I know that the phrase “go berserk” means “go crazy.” I know that it means more than going crazy. It might involve spastic movements or running all over the place. I remember my mom telling me that when she tried to use flea spray on the first dog that was really mine, Marbles, that he want berserk. I never saw him do this with the flea spray, but he never liked spray. We figured that somebody abused him with spray, so he didn’t like it. While I had adopted him at six months of age, he had small signs that seemed to show he was abused. There was a scar on him that looked like somebody had purposely poked him with a barbecue fork. I always felt sad for him when I saw that, but happy that he was my dog. I know he had a happy life with us.
I did see a few other times when he went berserk. Marbles didn’t like fire. One time, he was in the kitchen with me and I was trying to cook. Some oil caught on fire and I and my mom had to put it out by putting a pan over it. However, the entire time, Marbles was flailing and trying to hide.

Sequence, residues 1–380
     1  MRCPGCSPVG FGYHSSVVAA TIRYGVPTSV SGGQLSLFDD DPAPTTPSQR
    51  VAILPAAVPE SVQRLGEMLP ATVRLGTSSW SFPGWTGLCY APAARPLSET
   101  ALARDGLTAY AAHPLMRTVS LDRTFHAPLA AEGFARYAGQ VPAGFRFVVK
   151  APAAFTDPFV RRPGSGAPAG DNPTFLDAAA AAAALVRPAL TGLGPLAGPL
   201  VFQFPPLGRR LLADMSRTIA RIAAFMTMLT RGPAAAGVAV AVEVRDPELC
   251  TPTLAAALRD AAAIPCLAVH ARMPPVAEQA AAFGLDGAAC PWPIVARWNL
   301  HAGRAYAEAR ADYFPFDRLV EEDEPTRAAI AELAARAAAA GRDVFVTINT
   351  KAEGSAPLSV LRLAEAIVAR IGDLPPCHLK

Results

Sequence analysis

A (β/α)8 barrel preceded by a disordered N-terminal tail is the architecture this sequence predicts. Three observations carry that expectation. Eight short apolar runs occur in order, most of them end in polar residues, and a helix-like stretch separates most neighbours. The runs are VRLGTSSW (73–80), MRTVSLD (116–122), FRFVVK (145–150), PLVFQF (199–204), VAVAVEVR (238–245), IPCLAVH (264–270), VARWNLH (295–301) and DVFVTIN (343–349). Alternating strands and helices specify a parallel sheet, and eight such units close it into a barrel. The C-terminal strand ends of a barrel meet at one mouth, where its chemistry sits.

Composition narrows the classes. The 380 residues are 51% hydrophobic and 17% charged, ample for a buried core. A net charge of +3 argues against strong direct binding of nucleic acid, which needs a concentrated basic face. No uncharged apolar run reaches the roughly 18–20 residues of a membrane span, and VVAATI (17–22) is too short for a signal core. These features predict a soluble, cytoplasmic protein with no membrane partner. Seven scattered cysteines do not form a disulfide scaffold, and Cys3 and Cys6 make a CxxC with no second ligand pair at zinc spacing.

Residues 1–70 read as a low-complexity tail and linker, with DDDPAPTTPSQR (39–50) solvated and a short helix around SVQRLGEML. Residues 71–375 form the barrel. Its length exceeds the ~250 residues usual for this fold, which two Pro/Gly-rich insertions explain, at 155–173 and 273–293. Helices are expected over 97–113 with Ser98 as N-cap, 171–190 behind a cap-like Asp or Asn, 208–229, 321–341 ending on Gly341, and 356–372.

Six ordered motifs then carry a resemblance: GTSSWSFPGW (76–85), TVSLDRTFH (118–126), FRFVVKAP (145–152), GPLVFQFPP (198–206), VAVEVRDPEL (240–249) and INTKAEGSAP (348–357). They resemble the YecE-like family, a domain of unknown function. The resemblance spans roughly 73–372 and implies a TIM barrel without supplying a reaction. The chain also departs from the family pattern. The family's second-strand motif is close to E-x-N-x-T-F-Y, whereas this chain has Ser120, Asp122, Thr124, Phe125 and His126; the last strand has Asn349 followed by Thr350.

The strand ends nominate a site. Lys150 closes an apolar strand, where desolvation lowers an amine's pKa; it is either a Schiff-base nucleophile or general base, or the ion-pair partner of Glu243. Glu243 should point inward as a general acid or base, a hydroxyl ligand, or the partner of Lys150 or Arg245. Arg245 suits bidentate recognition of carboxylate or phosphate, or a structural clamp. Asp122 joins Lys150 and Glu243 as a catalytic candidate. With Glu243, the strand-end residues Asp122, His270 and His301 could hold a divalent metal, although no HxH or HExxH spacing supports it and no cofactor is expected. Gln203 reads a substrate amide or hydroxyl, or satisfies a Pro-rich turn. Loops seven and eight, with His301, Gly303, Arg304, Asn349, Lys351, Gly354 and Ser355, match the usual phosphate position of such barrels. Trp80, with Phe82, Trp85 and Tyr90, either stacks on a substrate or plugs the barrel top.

It is obvious that I am familiar with the term, “go berserk,” as are many other people. However, I do not know the origin of the phrase.
The origin of the phrase “go berserk” is of a Norse Viking origin.
It is believed that the word “Berserker” was applied to a great warrior. Berserkers were known to have great courage and great strength. They fought with wild ferocity.
The Berserkers had their own fighting style. They believed that they took on the spirit of bears. When they would fight, they would look like bears fighting. They would even foam a the mouth.
This is the most widely accepted story.
It is also believed that Vikings should go into battle without their fur coats (sarks), thus they should go into battle “bare sark.”
While this happened in the 12th century, the phrase “go berserk” didn’t come into common use until the 20th century. Usually this would be very odd.
However, the use of the phrase happened in the early twentieth century. Sir Walter Scott published a history of the Vikings that mentions the Berserkers in the late 19th century. Because of the history being published, the time that the phrase “go berserk,” being in the vernacular long after the first use of the word “Berserker” makes perfect sense.
Martin, G. (n.d.). Go berserk. The meanings and origins of sayings and phrases | List of sayings | English sayings | Idiom definitions | Idiom examples | Idiom origins | List of idioms | Idiom dictionary | Meaning of idioms. Retrieved July 20, 2010, from http://www.phrases.org.uk/meanings/go-berserk.html